Prestigious internship for Lucan’s Sharon

Sharon Hickey from Lucan has been selected onto the Washington Ireland Program (WIP), and flies stateside this month to begin a two-month internship in the Law Library of Congress in Washington DC, and an intensive training course in leadership and service.

The WIP is now in its 16th year, and is designed to give students a rich insight into America’s professional and social culture. With a joint focus on leadership skills and service to the community, this year’s successful applicants will be placed not only in the political arena, but also with cultural institutions, research centres, large companies and entrepreneurial businesses.

A previous winner of an All-Ireland Scholarship, Sharon recently completed her second year of Law with Arts at NUIM. Elected to Dail na nOg and Comhairle, she actively pursues her passion for improving youth facilities in Ireland, and was instrumental in the establishment and success of Megabites, Lucan’s first youth cafe, of which she is President.

Sharon is very excited at the prospect that lies ahead this summer, explaining that “It is a once in a life time opportunity to be interning in Capitol Hill. I will be staying with a host family allowing me real insight into American life and will be working on big charity and political projects in America’s capital city which law students from Dublin can usually only dream about”.

Sharon elaborated on the experience she will gain to The Informer, explaining how she will not only work on government research, but also on her own projects, including research into the gender divide in Ireland’s representative politics, and how this is shaped by the evolution of Irish law. She explained that the WIP is structured in such a way that alumni of the programme support and encourage newer alumni, so that the benefit to the class and their home communities is continuously amplified. “The experience I will get from meeting and talking to some of the world’s most accomplished leaders will undoubtedly help me to transfer this back to my home community in Lucan.”

Sharon is one of thirty students selected from over 270 applicants throughout Ireland, Northern Ireland, and the UK. Megan Farrell, WIP Executive Director, said “this year’s class exemplifies the quality of university students in Northern Ireland and Ireland.” A variety of disciplines including law, media, finance and journalism are represented this year, and so the WIP is a great opportunity for a wide range of young leaders of tomorrow. To follow Sharon’s progress, and to find further details of the WIP and how to apply, please visit www.wiprogram.org.

Cover story of Lucan Informer June 2010

Never lose your education

Of course I did not know it at the time, but when I was born, the youngest of eight children, to a farming family in Meath, I hit the jackpot in a birth lottery taking place each and every day in an increasingly unequal world. So privileged was I, that I regularly experienced the state only the under-worked and over-privileged feel – boredom. From my earliest memories, long before my pathological obsession with tea drew equal with it, I have loved the power of the printed word. I am a self-confessed word junkie – I’m Belle from Beauty and the Beast, Aunt Josephine from Lemony Snickett’s Series of Unfortunate Events, Giles from Buffy the Vampire Slayer. Name your cliché of a character who is so engrossed in the universes spun by words, and I am it. Books are not only a portal to knowledge, but a chance to go places in your head – anywhere you want to be, and a good book can take you there. For most of my life I never even questioned that literacy was something special that my circumstances of birth could have denied me. Once I finished my M.A. I realised that, to paraphrase Jane Austen, it is a fact universally acknowledged that a single girl in possession of an arts degree must be in want of a life. Since it has been said that “The world is a book, and those who do not travel read only one page” rather than going someplace in my head I went to China instead.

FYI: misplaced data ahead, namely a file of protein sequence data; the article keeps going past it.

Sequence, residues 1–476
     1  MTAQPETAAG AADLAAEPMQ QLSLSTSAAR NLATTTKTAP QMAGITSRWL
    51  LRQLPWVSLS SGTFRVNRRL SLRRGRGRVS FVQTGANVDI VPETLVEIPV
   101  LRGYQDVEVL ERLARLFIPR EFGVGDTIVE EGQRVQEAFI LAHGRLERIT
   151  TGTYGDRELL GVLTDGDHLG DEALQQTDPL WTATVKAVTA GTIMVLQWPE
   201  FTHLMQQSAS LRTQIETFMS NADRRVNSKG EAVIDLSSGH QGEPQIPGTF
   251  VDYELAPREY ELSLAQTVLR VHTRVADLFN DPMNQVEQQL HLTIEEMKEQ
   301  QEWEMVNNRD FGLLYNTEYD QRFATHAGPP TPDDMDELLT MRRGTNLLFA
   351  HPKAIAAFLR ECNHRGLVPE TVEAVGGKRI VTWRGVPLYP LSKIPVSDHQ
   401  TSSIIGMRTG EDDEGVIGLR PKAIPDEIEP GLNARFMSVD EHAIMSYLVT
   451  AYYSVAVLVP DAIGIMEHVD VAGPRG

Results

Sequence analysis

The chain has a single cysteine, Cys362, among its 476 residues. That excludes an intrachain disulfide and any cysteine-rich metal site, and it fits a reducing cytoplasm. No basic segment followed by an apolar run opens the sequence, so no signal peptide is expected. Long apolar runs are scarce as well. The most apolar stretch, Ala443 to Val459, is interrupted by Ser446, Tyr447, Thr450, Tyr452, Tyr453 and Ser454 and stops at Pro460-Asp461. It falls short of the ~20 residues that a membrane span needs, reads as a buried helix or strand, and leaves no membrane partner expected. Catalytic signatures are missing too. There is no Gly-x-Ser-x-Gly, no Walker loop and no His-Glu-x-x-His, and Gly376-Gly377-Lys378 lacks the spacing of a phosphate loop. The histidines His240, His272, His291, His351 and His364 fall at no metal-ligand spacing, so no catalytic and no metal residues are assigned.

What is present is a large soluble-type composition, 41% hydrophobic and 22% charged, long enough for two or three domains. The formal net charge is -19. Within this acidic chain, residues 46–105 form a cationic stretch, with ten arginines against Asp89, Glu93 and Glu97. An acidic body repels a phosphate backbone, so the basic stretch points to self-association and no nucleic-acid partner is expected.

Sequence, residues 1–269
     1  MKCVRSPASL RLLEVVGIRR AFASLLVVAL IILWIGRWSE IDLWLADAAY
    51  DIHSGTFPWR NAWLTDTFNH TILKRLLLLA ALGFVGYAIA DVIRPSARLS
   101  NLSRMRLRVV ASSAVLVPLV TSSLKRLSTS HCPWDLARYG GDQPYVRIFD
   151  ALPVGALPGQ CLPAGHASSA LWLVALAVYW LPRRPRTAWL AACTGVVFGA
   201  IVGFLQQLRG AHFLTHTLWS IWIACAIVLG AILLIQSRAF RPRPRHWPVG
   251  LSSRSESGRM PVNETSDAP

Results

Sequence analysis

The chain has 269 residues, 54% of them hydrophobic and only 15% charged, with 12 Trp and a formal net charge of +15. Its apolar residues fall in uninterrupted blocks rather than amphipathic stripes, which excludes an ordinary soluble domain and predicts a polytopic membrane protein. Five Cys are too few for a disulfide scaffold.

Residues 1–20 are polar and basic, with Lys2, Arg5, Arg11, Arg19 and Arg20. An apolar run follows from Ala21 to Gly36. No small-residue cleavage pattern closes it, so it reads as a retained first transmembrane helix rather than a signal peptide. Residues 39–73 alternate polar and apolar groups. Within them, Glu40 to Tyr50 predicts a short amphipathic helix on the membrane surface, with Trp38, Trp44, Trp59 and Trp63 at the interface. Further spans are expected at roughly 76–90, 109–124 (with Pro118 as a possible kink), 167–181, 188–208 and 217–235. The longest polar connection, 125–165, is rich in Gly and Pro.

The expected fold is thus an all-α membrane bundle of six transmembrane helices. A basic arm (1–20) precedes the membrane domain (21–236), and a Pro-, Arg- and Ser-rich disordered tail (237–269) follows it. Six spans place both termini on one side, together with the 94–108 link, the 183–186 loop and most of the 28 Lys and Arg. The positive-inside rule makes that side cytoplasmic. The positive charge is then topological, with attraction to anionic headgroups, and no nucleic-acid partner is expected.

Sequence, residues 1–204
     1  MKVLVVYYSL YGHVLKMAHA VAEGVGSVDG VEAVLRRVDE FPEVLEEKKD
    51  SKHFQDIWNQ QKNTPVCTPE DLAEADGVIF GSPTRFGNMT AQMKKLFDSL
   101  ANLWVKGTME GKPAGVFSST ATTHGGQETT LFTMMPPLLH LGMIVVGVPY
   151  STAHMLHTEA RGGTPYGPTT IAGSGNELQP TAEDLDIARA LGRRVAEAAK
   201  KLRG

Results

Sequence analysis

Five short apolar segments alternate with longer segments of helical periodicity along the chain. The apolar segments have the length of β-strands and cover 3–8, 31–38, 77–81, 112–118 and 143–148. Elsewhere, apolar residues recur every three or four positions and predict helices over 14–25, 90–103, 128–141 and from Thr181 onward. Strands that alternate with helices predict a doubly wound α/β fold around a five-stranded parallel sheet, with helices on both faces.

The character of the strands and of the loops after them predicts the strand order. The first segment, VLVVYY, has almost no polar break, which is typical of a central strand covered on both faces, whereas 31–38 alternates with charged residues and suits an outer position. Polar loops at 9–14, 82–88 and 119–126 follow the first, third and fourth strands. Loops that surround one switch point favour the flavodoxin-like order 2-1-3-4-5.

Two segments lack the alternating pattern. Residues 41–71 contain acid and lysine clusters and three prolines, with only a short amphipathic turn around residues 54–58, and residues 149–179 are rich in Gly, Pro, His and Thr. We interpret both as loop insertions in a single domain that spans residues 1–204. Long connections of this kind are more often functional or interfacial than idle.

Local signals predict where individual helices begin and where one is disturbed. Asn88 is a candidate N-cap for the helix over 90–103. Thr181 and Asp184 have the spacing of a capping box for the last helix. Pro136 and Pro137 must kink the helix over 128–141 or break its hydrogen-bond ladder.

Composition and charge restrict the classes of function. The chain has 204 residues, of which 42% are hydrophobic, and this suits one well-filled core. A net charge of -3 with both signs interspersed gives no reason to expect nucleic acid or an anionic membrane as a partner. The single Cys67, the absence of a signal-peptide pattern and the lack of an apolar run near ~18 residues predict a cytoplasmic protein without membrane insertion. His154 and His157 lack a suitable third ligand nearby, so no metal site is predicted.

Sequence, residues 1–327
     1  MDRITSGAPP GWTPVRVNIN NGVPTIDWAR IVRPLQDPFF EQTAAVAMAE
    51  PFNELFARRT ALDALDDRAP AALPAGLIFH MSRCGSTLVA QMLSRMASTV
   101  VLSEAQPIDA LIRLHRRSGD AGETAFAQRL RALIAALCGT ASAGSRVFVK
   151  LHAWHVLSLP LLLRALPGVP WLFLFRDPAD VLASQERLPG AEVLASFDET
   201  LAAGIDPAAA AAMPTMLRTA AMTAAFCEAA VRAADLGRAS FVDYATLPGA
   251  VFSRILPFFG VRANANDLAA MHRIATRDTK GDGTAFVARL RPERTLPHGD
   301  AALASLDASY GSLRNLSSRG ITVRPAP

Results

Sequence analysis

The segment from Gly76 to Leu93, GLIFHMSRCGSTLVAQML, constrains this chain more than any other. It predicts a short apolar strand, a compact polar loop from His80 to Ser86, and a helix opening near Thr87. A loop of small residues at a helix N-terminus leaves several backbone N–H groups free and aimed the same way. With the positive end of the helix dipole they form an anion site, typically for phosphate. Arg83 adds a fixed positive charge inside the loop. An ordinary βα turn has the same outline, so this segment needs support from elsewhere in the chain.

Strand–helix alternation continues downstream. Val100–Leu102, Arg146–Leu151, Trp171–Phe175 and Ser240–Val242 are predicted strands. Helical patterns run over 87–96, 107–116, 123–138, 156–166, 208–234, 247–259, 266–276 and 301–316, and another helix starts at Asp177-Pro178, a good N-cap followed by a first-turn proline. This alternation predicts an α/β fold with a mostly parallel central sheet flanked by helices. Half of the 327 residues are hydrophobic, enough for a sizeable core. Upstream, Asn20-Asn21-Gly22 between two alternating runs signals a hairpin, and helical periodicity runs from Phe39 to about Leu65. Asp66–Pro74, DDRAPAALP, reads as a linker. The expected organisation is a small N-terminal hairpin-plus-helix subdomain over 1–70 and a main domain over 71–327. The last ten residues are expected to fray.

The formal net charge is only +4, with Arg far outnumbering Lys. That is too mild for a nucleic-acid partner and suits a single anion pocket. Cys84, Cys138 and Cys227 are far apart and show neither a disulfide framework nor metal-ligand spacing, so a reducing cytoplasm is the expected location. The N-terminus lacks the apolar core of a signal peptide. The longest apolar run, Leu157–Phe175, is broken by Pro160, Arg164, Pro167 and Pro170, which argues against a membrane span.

Working from official statistics, the People’s Republic of China had a literacy rate of 90.8% in the year 2002, with primary school education provided for six years in the state-run public education system. Official statistics often do not show the full reality of a situation however, and the current completion rate of primary education is a little over 78%. Almost 5million students a year fail to complete compulsory education on time. About 1 million children drop out of school each year because of poverty, particularly ethnic minorities and girls – and those girls who remain in education are often the victims of systemic gender discrimination, particularly in rural areas. The poverty of an area as well as the poverty of individual families is an obstacle, with many schools in China lacking the resources to provide more than two to three years of schooling. They are poorly equipped, often providing little more than desks and chairs, and their curricula are severely limited. Notebooks and writing materials, not to mention quality stimulating textbooks, are often prized possessions for the lucky few with access to them.

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